Rock wool, which is also called mineral wool, comes in easy-to-install batts, similar to fiberglass. But instead of being composed of fluffy glass fibers, rock wool is made of—you guessed it—rocks, which doesn’t even seem possible. Here’s a brief explanation of the manufacturing process.
Natural rock is heated in a furnace to about 3,000 degrees until it melts into a liquid. The magma-like liquid is exposed to a high-pressure jet of air or steam, and then spun at super-high speed into long fiber strands. (Think: cotton candy machine filled with liquid rock.) The strands are captured and compressed into thick, dense mats, which are then cut into convenient-sized batts of insulation.
Characteristics of Rock Wool:
- Made from natural, sustainable material
- Typically contains up to 75 percent recycled content
- Retains heat well and traps air, which slows the transfer of heat
- Non-combustible and fire resistant to about 1,400 degrees
- Highly water repellent
- Excellent sound-deadening properties
- Higher insulating value than fiberglass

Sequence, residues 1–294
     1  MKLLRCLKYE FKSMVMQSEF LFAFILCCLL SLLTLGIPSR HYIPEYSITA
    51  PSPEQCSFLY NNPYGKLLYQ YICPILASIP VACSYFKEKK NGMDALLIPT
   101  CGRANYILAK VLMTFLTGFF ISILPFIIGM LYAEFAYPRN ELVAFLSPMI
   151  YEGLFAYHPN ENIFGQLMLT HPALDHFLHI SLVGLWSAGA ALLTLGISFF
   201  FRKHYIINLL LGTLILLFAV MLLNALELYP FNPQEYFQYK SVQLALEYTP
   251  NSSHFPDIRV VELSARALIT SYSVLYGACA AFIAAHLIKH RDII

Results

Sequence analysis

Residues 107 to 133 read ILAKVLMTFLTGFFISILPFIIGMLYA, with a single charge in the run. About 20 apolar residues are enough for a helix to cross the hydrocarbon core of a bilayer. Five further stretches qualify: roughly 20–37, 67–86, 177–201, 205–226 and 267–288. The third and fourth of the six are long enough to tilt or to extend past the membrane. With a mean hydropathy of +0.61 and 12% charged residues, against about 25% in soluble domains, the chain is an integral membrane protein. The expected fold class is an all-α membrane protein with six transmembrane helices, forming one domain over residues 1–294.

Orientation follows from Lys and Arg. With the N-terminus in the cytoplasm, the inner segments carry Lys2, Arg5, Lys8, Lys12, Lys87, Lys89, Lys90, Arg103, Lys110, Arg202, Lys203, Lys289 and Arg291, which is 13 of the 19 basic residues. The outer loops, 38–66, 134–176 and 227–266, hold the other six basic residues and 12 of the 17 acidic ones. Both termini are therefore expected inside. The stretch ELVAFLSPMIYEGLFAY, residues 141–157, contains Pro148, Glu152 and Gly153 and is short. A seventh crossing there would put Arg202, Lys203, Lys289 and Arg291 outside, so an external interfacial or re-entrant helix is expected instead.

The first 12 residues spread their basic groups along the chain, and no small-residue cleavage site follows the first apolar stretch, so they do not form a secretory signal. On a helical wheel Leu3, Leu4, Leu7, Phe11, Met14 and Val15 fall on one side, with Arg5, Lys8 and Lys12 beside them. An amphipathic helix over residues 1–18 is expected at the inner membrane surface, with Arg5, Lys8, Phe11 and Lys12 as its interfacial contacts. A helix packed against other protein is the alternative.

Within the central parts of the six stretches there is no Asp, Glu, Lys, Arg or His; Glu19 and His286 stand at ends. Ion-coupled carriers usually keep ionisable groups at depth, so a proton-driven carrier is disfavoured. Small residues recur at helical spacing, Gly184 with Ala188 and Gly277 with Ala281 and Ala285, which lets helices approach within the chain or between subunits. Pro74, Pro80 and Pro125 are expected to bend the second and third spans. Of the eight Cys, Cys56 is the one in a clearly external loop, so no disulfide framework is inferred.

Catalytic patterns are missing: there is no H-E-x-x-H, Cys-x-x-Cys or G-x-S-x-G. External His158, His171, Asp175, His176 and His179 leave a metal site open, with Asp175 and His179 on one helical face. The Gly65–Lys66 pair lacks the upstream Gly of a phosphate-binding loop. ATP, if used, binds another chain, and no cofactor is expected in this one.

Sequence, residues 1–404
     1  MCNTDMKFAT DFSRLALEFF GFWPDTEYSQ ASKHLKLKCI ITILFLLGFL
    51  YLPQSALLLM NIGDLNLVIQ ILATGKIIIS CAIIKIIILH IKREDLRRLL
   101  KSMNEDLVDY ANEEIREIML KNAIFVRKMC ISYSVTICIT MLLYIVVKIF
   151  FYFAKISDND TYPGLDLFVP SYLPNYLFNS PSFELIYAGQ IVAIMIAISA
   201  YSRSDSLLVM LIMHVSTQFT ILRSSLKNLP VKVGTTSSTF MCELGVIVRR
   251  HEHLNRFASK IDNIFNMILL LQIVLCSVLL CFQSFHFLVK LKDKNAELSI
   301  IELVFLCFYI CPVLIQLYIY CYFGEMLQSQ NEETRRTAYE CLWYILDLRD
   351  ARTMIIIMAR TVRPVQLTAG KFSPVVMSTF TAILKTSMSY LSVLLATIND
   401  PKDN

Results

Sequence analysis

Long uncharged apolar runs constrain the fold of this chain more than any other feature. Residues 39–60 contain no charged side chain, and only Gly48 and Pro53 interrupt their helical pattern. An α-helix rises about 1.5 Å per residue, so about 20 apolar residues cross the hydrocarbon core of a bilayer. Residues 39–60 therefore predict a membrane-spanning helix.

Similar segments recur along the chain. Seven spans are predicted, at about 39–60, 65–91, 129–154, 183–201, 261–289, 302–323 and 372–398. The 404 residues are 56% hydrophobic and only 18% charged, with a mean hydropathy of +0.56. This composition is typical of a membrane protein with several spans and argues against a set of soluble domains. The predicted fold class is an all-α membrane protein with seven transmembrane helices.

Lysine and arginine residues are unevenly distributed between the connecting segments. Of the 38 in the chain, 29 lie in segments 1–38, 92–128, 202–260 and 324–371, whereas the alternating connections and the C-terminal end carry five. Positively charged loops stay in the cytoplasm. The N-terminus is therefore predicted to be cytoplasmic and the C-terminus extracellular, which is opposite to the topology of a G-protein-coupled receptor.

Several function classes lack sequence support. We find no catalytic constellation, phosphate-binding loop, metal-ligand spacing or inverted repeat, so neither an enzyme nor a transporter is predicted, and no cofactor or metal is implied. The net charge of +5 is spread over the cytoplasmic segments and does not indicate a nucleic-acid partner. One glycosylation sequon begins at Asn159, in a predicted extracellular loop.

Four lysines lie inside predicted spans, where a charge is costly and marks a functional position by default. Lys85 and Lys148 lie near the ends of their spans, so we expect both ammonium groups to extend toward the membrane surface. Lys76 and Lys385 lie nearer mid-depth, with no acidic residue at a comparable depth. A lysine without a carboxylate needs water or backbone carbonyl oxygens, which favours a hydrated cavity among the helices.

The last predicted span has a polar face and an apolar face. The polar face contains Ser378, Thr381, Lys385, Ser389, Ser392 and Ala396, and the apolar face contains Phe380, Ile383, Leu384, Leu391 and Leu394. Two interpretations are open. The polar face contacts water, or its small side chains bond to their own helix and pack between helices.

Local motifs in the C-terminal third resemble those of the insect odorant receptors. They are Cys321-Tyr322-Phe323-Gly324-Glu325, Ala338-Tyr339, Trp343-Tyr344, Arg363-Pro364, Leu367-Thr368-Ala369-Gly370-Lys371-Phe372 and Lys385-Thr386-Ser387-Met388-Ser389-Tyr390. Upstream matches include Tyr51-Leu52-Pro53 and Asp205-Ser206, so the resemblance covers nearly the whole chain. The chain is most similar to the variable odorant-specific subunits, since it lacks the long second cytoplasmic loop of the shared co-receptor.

- Long-term performance—rock wool doesn’t degrade over time
- Allows moisture to escape (which deters mold and mildew)
- Dense, firm batts are friction-fit into place; no stapling necessary
Where to Use Rock Wool Insulation
Rock-wool insulation can be installed wherever you’d install fiberglass or any other type of insulation, including walls, floors, ceilings, attics and crawlspaces. However, it’s particularly well-suited for rooms along the cold north side of the house and for interior rooms in need of sound deadening, such as media rooms or music studios.
Because rock wool is highly fire resistant, it’s ideal—and often code-required—for use as a firestop between floors of a house. (During remodeling or new construction, ask the local building inspector to identify specific areas that require rock wool firestops.)
Rock wool is also easy to work with: The firm batts can be cut with a serrated knife or handsaw to fit snugly into place. If it gets wet, water beads up and rolls off without soaking into the fibers. The rock-wool fibers are compacted so tightly together that there’s no chance of the insulation shifting out of position or slumping down, which would dramatically decrease its insulating value.
Note that rock-wool insulation only comes un-faced, meaning there’s no kraft-paper or foil barrier. Depending on the situation, you may need to install an independent permeable membrane to serve as a vapor barrier.